Robert Godden’s musings and rants

I muse. I rant. This is my outlet!

Archive for the ‘recruitment’ Category

Doing All Right

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A friend of mine has won a fairly spectacular award. I’ll reproduce his company’s press release here, then tell you what I think.

The Recruiting Conference Inc. announced that Informatica, the world’s number one independent provider of data integration software and Dave Mendoza, global talent acquisition consultant, have won the Excellence in Sourcing Innovation award. The winners were honored November 1st during the Recruiting Conference’s annual recruiting and sourcing event at the InterContinental Chicago-O’Hare.

The awards highlight some of the best recruiting efforts by corporate recruitment departments, recruitment advertising/creative agencies on behalf of clients operating in any industry sector, or private or public companies.

“The Excellence in Sourcing Innovation Award was awarded to Informatica for applying SEO based tactics in their global sourcing and recruiting efforts, and for leveraging multiple social media platforms beyond their intended utilities,” said Anna Brekka, VP of North America for Onrec.

Informatica brought global talent acquisition consultant Dave Mendoza in to spearhead their sourcing and recruiting objectives in 2010. Mendoza’s work with Informatica has revealed unique sourcing and talent mapping challenges being faced by companies globally, particularly in high growth areas like APAC and EMEA.

“Dave has opened doors to revolutionary ways of talent mapping through competitive intelligence that are immediately actionable. As Informatica continues to expand globally and is seeking out the best talent in the industry, he has been a great thought partner,” said Brad Cook, Global Vice President of Talent Acquisition at Informatica.

“Informatica is known for innovation and quality in its products and my goal is to bring that same level of innovation into how we attract and retain top industry talent. We invest in our global talent acquisition team with unparalleled, cutting edge technologies, and subject matter expertise level training in both social media and sourcing that clearly differentiate us from other Silicon Valley companies. Our recruiters and sourcers are our top priority and as a result we source and attract the smartest people in an exceptionally competitive market.”

Mendoza’s strategic roadmap earned Informatica recognition earlier this year as winner of the “Most Strategic Use of Technologies” category at the 2011 ERE Recruiting Excellence Awards. Mendoza has received numerous recognitions this past year for his initiatives in the area of talent mapping with an emphasis on product aligned competitive intelligence and bench marking best practices.

Industry analyst and respected pundit Gerry Crispin stated: “As more sophisticated recruiting models emerge with pipelines that are years in the making, we are bound to see new sourcing strategies that mash-up social media channels with competitive intelligence goals to map talent even as they form their skills, knowledge and experience. Some of the work by Brad Cook and David Mendoza at Informatica has recently been recognized for cutting these new paths in the recruiting forest.”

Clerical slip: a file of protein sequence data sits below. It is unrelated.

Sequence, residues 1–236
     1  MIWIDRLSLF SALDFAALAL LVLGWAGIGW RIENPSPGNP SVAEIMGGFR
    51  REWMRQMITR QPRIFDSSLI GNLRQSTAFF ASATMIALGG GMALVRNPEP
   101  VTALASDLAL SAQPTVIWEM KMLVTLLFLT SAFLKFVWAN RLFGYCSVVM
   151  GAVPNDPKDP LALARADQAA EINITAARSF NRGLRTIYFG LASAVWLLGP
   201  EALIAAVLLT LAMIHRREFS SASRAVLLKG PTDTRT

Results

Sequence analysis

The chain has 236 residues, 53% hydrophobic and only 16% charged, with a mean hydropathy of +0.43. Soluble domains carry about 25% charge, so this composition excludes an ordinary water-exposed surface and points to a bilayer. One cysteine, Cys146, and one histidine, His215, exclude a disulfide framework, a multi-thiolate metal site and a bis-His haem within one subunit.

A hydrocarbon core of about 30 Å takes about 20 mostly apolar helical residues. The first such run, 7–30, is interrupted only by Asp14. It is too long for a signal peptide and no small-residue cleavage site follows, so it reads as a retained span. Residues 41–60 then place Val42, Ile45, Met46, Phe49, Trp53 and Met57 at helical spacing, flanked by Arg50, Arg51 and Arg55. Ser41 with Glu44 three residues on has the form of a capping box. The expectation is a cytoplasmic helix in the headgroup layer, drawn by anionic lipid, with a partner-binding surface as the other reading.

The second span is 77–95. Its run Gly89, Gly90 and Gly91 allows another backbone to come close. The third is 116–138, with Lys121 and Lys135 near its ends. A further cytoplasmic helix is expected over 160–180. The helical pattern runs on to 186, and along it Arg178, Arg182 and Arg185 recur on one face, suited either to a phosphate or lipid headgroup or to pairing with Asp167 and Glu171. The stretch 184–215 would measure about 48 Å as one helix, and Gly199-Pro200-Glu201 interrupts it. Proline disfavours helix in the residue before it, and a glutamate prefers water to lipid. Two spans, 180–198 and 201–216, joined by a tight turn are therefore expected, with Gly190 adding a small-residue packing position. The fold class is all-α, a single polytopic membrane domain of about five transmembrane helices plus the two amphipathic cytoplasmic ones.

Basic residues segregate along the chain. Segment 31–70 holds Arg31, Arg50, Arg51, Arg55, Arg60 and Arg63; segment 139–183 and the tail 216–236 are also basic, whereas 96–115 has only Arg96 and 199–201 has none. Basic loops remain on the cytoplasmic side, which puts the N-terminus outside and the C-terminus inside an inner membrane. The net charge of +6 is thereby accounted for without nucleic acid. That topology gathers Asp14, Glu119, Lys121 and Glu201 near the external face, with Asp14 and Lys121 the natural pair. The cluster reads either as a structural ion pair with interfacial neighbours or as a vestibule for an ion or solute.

About Informatica: Organizations around the world gain a competitive advantage in today’s global information economy with timely, relevant and trustworthy data for their top business imperatives. More than 4,500 enterprises worldwide rely on Informatica to access, integrate and trust their information assets held in the traditional enterprise, off premise and in the Cloud.

Contact: Brad Cook, Global VP of Talent Acquisition, (650) 385 5207bcook@informatica.com

About Dave Mendoza: Dave Mendoza is a globally recognized, subject matter expert in the development and implementation of global talent acquisition strategies, advanced sourcing methodologies to generate passive talent pipelines, and recruitment technologies innovator.

Contact: Dave Mendoza, Talent Strategist, (303) 718-2440ldavemendoza@gmail.com

OK, so that’s the press release. Self-explanatory. But very corporate.

Dave has helped me numerous times with support and encouragement. He has helped me grow my network and had kind things to say about some of my books.

Don’t get me wrong, the award above is fantastic. In our industry he is deservedly féted as the best. He and a few others more or less created the whole field of Sourcing; then became the rock stars of that field,

But to me, the support and encouragement that I have seen Dave give to others is an even worthier achievement, and one that there isn’t an award ceremony for.

If you get a chance to hear him speak, do so, If you get a chance to have your company bring him in to consult, do so. He is a giant amongst sourcers. He is a passionate advocate for methods and technologies that people are only just beginning to get.

Well done Dave. I’m proud to know you.

Written by robertgodden

November 9, 2011 at 5:54 pm

Keep Yourself Alive

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Last week, not long after writing my blog, I resigned from my job.

If you re-read “Spread Your Wings” below, it seem pretty obvious that I was about to. It’s not going to be announced until later today – I’m counting on the fact that this blog is not exactly mass communication of a message, but twitter me if you have a comment on that!

So, why leave an interesting and exciting job with a great start-up that has taken the Adelaide market by storm?

After several years in the planning stages, it kicked off last year, and I was employee number one. For eighteen months I’ve put in huge weeks and we’ve achieved a lot. The staff levels have grown exponentially. Our first trading year has been a multi-million dollar smash hit success. The directors are very happy.

But I’m not happy.

Several managers have described me as a butterfly. I flit frm interesting task to interesting task. For any micro-manager out there, you might see that as a weakness.

But without small, flittering insects who pollinate as they go, we would not be here.

In a start-up, a butterfly is invaluable – there’s just so much to do. People who can work on a revolving schedule of twenty projects – and deliver about 90% of them – are actually a great asset, as more methodical people will be overwhelmed with a need to make everything perfect, as opposed to make everything happen.

When I’ve worked in big, big organisations, a butterfly is pretty useful there too (For example, the entirely fictitious story “Intestinal Fortitude” in my book 1001 Nights is a thinly-veiled recounting of my experiences doing just that). You need to have a few agitators for change, or you become stale.

The problem is, butterflies aren’t that useful in an organisation that is consolidating. So, I’m leaving.

I have no complete plans. No definite job to go to. I am considering buying a business, I’m shortlisted for a role outside of recruitment, I’m considering running my own consultancy and I’ve been approached to head a division for a major recruiter.

All jobs for a butterfly?

Written by robertgodden

July 21, 2008 at 7:09 am

Spread Your Wings

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When is it time to leave your job?

What a great question that is.

It used to be that people would hang around in a job they hated for years, because leaving was such a big deal. But times have changed.